From rich-tasting coffee, to beautifully made soups and sandwiches, to skillfully baked pastries, Grounds Café sets the bar high. It helps that Murray’s grows vegetables the café can easily access. Management has also committed to sourcing, what can’t be gotten at Murray’s, from other local farmers and producers. In many ways,
The Grounds Café is an experiment. Can it succeed outside of gardening season? Can it survive on local ingredients exclusively? If so, let’s hope others follow. Read my review of Grounds Café here: http://www.thetelegram.com/living/karl-wells-caf-in-a-garden-centre--whoda-thunk-it-134900/
6. SeaSalt and Thyme
1 Convent Lane
Ph. (709) 528-9100
Given the large number of tourists visiting Brigus each summer, it’s good that the village finally has a spacious, comfortable restaurant serving excellent food.
The oddly named, SeaSalt and Thyme, used to be a convent, and apart from the section that’s been turned into a pub, the public areas still look pretty much as they did during the holy days.
SeaSalt’s menu is the definition of eclectic, which can be fun if things are done properly.
Our meal began with a traditional fish chowder, beet salad and novel touton bun burger; then it veered sharp left with hoisin chicken and a vegan chocolate whoopie pie. It was a very satisfying meal, from start to finish. Read my review of SeaSalt and Thyme here: http://www.thetelegram.com/living/karl-wells-hail-to-the-chef-134931/
7. Rocket Bakery
272 Water St.
St. John’s, N.L.
Ph. (709) 738-2015
Rocket Bakery, the name, doesn’t even begin to tell the story of this bakery/café/entertainment venue.
Over the years it’s been in operation, it has become, more than any other business on Water Street, like a welcoming, unofficial community centre of downtown St. John’s. It all goes back to the food at Rocket, exceptional, consistently good victuals.
I remember writing, glowingly, about the quiche. A reader wrote to tell me she’d gone to find out if it was as good as I’d said. She told me, “You were right. It was as good as you described.”
I have yet to taste the full contents of the cornucopia which is Rocket Bakery but I’m confident, based on what I have tasted, that this downtown treasure offers little, if anything, that disappoints. Read my review of Rocket Bakery here: http://www.thetelegram.com/living/rocket--water-street-eatery-solid-as-a-rock-134832/
8. Kimchi and Sushi
140 Water St.
St. John’s, N.L.
Ph. (709) 579-4382
Newfoundland and Labrador certainly doesn’t offer a United Nations of choice when it comes to international restaurants.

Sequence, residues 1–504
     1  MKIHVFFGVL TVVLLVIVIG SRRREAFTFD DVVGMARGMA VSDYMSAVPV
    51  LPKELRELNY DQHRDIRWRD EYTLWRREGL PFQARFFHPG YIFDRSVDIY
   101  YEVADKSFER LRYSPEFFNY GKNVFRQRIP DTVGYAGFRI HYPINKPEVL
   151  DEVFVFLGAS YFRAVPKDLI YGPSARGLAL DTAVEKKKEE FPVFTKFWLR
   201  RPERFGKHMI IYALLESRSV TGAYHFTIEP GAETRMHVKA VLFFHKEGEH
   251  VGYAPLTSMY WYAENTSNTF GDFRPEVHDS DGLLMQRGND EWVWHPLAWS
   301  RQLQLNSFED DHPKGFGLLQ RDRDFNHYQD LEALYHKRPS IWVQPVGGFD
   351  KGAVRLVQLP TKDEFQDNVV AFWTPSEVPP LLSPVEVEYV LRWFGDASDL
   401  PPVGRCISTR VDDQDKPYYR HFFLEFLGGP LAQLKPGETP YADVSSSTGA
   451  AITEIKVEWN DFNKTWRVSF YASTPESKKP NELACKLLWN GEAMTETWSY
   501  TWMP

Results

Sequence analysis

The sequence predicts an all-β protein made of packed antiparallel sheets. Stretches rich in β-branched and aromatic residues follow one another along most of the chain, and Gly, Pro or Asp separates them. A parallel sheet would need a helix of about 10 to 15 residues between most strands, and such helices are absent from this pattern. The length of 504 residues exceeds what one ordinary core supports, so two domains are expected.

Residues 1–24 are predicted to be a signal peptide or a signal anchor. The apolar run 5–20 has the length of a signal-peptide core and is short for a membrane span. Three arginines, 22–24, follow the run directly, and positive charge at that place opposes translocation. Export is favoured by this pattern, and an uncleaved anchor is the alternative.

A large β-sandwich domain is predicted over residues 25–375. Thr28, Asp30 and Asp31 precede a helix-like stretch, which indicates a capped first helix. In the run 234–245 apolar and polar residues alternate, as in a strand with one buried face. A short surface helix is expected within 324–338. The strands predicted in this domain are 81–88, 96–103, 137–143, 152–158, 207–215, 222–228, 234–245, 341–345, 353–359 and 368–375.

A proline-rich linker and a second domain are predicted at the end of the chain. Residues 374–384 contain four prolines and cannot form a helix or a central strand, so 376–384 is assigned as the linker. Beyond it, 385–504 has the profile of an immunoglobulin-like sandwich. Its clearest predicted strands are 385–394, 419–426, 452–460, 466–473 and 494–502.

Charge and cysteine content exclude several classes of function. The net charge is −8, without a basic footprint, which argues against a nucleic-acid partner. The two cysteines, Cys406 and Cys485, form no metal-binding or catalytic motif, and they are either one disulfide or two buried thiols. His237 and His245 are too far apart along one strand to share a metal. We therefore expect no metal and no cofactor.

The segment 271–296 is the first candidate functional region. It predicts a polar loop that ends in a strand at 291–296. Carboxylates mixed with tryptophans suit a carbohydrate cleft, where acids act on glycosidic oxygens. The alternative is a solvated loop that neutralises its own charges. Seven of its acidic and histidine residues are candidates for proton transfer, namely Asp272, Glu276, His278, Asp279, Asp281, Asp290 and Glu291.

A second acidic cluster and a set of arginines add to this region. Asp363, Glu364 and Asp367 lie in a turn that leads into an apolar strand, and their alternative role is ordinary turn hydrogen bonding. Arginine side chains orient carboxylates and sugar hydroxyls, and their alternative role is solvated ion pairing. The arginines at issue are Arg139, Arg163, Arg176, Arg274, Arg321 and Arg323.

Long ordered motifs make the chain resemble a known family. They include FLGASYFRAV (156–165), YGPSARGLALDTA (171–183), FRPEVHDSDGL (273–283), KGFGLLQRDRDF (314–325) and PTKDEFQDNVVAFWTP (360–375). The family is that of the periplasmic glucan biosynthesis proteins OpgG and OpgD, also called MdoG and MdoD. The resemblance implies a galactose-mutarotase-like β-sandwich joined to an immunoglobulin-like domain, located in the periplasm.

It’s always been a few steps forward, one step backward in terms of developing this sector of the industry. It takes lots of patience, tenacity and hard work to grow a following for an international restaurant.
Kimchi and Sushi is one that’s making it. The sizzling marinated beef alone, possessing so much flavour, is reason enough to go back. Crispy pork and chicken gyoja Asian dumplings and spicy codfish soup are two more reasons. Read my review of Kimchi and Sushi here: http://www.thetelegram.com/living/karl-wells-kimchi--sushi-serving-up-korean-japanese-cuisine-practically-dairy-free-134769/
9. New Moon
656 Topsail Rd.
St. John’s, N.L.
Ph. (709) 368-6698
My trip to New Moon was one of the most pleasant dining out surprises of 2017.
Most Chinese restaurants in Newfoundland stick with the usual suspects in terms of dishes offered. You know, standard Canadian Chinese buffet food.
Sophie Wan, New Moon’s owner, decided to make things more interesting for à la carte diners. She’s a fan of spicy food and has added several hot Szechuan preparations. I enjoyed the shredded beef and Chinese preserved mustard rice noodle soup. Other dishes worth mention are the Shanghai style vegetarian duck and the seafood worbar on sizzling platter. Read my review of New Moon here: http://www.thetelegram.com/living/karl-wells-new-moon-rising-134722/
10. The Outport
1495 Topsail Rd.
Ph. (709) 782-2121
Rounding out this year’s eclectic list of restaurants is an unpretentious café specializing in home-style cooking.
The Outport’s popularity has increased over the last few years. I witnessed how busy it’s become; and I know folks who’ve made lunch at the Outport a Sunday ritual.
Service at the restaurant has always been friendly and good, and the atmosphere positive and chatty.
Before I’d tasted a bite of my dessert I’d figured out what was so different about the Outport from my last meal there. The food had really improved, from good to excellent. And, by the way, that dessert I mentioned was coconut cream pie. It alone justifies a visit. Read my review of Outport here: http://www.thetelegram.com/living/karl-wells-chowder-down-on-comfort-food-134753/
Karl Wells is an accredited personal chef, author of “Cooking with One Chef One Critic” and recipient of awards from the national body of the Canadian Culinary Federation and the Restaurant Association of Newfoundland and Labrador. Contact him through his website: www.karlwells.com
Follow him on Twitter: @karl_wells